Islamophobia – Tearing Down Walls of Prejudice
I was in 8th grade when a friend first mentioned “the geopolitical quagmire that is the Middle East”. You’d think that the most confusing part of that phrase was “geopolitical quagmire” but, in all honesty, I wasn’t even sure which countries were considered “the Middle East”. At that time, I never could have guessed that it would become the topic to which I would devote my future studies to, and furthermore, my entire career. From picking up a Qu’ran when I was only 15 and reading it cover-to-cover, to listening to my parents’ detailed recounts of 9/11, I was drawn to the region—the site of some of the most complex ideological controversies of the century.
Fortunately, for the 2019-2020 academic year I received the Kennedy-Lugar YES Abroad scholarship to study at a high school and live with a host family in Morocco. Although this experience was cut short for all participants due to unforeseen circumstances, I can honestly say that it was the most valuable experience of my life.
I cherish a long list of take-aways from this time, like becoming conversational in the Moroccan dialect of Arabic (Darija), or befriending dozens of Moroccan students my age while attending a local Moroccan high school. Still, what I hold closest to my heart is my relationship with my host mother, Meriem, and all that she taught me from her Muslim perspective on the world. After living with her, I was able to recognize how inaccurate my perception of Islam had been before, and I was able to view the religion as one of peace rather than one of barbaric behavior and terrorism, as my Western upbringing had led me to think.
For the majority of my time in Morocco, I lived with Meriem, her 30-year-old “niece” Imane (a close family friend who lived with her), and her daughter, Aya, who is 35 years old and disabled. Although Imane spoke French and some English, she was not home very often, and my host sister Aya was mute. Thus, I spent most of my time talking to my host mom, who only speaks Darija and one of the Amazigh dialects, as she grew up in the Atlas mountains. She taught me how to cook traditional Moroccan food like tagine and msemmen, explained why she fasted every Thursday, and (lovingly) made fun of me for owning a pet pig at home because pigs are considered unclean in Islam.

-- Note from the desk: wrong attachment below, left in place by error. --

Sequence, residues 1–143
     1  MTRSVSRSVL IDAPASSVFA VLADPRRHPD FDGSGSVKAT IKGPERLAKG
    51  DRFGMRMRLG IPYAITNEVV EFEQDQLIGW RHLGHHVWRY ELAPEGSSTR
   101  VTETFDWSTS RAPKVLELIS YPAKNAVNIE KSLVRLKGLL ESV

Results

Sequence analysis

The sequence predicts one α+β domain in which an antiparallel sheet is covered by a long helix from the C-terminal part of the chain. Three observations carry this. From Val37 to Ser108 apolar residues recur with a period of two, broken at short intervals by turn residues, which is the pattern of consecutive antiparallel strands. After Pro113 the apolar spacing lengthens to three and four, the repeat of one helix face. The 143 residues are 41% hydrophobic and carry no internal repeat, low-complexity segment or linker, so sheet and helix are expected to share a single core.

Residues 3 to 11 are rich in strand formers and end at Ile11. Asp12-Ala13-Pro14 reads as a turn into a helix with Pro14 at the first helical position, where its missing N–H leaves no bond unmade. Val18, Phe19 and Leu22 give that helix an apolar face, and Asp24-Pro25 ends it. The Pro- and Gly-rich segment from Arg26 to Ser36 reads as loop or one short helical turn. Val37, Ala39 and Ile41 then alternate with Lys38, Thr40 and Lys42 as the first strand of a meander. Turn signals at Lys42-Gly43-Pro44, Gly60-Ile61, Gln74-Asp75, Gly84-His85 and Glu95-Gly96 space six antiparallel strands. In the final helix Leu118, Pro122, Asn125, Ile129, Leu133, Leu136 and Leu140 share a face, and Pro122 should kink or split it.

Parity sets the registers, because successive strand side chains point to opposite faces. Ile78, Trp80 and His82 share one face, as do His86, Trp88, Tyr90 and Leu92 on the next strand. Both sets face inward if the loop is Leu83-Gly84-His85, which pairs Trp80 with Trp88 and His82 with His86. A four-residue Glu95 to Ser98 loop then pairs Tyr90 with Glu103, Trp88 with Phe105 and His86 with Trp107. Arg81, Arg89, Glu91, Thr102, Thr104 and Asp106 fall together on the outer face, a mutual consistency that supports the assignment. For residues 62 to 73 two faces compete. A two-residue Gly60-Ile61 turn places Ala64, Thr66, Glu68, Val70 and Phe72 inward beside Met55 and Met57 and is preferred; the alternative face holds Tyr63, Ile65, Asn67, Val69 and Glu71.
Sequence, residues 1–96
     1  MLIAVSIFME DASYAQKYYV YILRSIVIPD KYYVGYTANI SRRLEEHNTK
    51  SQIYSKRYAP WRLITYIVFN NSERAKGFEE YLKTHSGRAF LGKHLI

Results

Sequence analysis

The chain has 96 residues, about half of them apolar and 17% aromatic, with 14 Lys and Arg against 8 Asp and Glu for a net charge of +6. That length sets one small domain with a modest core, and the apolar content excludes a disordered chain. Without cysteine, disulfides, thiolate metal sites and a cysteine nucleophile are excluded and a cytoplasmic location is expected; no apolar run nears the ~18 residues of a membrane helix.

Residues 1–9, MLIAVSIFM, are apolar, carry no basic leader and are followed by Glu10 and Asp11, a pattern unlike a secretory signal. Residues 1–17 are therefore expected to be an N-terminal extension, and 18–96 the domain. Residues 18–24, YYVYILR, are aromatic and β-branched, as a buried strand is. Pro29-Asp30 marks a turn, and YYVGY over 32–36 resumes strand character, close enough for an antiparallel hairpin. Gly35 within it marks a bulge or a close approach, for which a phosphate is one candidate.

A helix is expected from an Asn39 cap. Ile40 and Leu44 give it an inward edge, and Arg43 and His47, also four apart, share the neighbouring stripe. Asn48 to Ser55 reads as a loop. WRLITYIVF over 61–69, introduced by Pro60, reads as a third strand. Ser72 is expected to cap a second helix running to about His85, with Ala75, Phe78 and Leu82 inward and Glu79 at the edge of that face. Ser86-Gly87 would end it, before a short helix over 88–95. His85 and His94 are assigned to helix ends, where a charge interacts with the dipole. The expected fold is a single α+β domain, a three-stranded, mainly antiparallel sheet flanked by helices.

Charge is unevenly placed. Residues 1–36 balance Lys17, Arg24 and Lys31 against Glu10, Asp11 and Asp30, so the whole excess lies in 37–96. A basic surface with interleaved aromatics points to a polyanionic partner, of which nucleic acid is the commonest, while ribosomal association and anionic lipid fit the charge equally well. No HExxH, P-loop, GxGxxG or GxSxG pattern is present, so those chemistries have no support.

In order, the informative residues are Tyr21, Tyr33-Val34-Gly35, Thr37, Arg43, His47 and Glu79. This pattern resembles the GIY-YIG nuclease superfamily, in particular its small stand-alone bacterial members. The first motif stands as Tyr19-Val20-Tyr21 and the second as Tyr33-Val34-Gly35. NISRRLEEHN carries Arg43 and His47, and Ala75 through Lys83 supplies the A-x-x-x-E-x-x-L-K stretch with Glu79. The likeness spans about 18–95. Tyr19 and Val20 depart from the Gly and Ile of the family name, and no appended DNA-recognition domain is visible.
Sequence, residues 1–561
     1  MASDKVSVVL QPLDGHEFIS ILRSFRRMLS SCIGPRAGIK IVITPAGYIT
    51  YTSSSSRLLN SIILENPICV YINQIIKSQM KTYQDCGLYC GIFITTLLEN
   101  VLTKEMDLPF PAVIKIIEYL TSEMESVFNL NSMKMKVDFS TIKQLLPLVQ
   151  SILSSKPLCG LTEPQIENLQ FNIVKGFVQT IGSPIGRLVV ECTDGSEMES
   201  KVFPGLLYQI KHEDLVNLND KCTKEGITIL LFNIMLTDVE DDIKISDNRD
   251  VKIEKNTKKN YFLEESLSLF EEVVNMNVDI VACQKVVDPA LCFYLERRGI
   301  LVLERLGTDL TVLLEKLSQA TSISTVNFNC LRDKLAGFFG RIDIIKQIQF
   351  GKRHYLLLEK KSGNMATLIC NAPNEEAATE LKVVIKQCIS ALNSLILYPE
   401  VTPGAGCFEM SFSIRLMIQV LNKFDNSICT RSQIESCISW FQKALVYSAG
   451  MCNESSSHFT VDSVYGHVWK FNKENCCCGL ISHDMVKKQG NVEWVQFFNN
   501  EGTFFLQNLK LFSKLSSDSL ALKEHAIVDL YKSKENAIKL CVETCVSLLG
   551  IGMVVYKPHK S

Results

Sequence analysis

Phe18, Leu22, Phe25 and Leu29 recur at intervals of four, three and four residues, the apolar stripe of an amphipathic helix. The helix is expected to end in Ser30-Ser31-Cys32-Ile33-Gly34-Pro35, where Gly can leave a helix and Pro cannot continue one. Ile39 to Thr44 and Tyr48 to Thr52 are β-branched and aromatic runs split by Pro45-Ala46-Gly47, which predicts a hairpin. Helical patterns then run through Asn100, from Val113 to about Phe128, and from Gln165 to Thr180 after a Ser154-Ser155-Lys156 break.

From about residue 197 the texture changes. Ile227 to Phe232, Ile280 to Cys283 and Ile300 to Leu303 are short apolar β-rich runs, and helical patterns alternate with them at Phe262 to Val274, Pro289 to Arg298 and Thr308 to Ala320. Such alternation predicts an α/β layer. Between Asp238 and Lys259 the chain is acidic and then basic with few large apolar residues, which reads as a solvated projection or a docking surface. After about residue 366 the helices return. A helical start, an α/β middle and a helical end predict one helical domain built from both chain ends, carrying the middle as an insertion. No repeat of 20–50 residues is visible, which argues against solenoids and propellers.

Unfortunately, while I was in Morocco a terrible tragedy occurred. Another American exchange student whom I considered to be my third brother, Jeremy Eller, was struck by a van and killed while we were on an excursion from Azrou to Erfoud, in the Atlas Mountains. He was pronounced brain dead upon reaching the hospital, and his body died less than 24 hours later. I grieve his loss every day; he was one of the most genuinely good people I’ve ever known.
Living in Morocco after his death was inexplicably difficult, but showed me just how good people can be, even when their beliefs are entirely different from my own. When I went home to Meriem that first day, I was crying violently, and she hugged me and gently asked who it was that had passed away. I told her that it was Jeremy, and she immediately started sobbing uncontrollably with me. She had met him once before, and I had told her dozens of stories about funny things that he said and did. I distinctly remember she kept shaking her head and saying, “hadha hyatt” as she cried, which means, “that’s life.” Although that would seem incredibly insensitive to the average American, I understood what she meant: she didn’t want me to be overly sad about his death – she is a devout Muslim and believes that everything is part of Allah’s plan. She was clearly deeply hurt by the accident, but her faith persisted. And, although the Qur’an says that only other Muslims go to The Garden (heaven), Meriem said that she just knew Allah would make space for Jeremy. Whether or not she believed this, the fact that she said so meant the world to me.
“That’s life” is just one of countless examples of things said to me by a Moroccan that could have been misinterpreted and taken offense at, but given the cultural context were intended to be purely kind. Unfortunately, many Westerners do not search for cultural context or even give Muslim people the benefit of the doubt. For instance, upon telling certain American and Canadian adults in my life about Jeremy’s accident, I was very disappointed to hear them say things like, “American doctors could have fixed him, I’m sure,” or “[The embassy] should have sent him to Spain for medical care instead,” even though I made it clear that he was declared brain-dead and beyond help, and the Moroccan doctors at the military hospital where he was sent are known to be some of the best in the world. These Western adults didn’t know anything about Morocco, and they assumed the country to be barbaric simply because it’s majority-Muslim. Others mentioned how careless “people in third-world countries are” in reference to the driver that hit Jeremy, even though Morocco is not a third-world country and Jeremy was hit by a French tourist breaking the speed limit in a rental van. The generalizations and assumptions made about Middle Eastern and North African culture are not only offensive to the people to whom they refer, but also made Jeremy’s death become a racially and ethnically-charged controversy and therefore took the focus away from the immense loss of one of my best friends.